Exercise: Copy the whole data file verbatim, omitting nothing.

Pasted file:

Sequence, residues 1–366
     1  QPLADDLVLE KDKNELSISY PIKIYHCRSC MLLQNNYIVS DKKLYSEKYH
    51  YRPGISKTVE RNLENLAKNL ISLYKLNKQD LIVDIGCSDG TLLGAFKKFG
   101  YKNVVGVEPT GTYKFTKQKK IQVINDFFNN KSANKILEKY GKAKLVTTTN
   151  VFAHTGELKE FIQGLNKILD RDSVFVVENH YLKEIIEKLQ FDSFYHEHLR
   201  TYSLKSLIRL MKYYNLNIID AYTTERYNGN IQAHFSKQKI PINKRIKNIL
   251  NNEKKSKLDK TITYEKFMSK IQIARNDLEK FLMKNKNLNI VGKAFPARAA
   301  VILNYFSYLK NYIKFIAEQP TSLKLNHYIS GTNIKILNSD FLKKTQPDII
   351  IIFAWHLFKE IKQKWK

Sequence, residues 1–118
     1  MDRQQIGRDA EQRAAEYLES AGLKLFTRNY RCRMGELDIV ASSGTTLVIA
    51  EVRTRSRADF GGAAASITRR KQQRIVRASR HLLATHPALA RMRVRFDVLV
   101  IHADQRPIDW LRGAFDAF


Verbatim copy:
Sequence, residues 1–366
     1  QPLADDLVLE KDKNELSISY PIKIYHCRSC MLLQNNYIVS DKKLYSEKYH
    51  YRPGISKTVE RNLENLAKNL ISLYKLNKQD LIVDIGCSDG TLLGAFKKFG
   101  YKNVVGVEPT GTYKFTKQKK IQVINDFFNN KSANKILEKY GKAKLVTTTN
   151  VFAHTGELKE FIQGLNKILD RDSVFVVENH YLKEIIEKLQ FDSFYHEHLR
   201  TYSLKSLIRL MKYYNLNIID AYTTERYNGN IQAHFSKQKI PINKRIKNIL
   251  NNEKKSKLDK TITYEKFMSK IQIARNDLEK FLMKNKNLNI VGKAFPARAA
   301  VILNYFSYLK NYIKFIAEQP TSLKLNHYIS GTNIKILNSD FLKKTQPDII
   351  IIFAWHLFKE IKQKWK

Sequence, residues 1–118
     1  MDRQQIGRDA EQRAAEYLES AGLKLFTRNY RCRMGELDIV ASSGTTLVIA
    51  EVRTRSRADF GGAAASITRR KQQRIVRASR HLLATHPALA RMRVRFDVLV
   101  IHADQRPIDW LRGAFDAF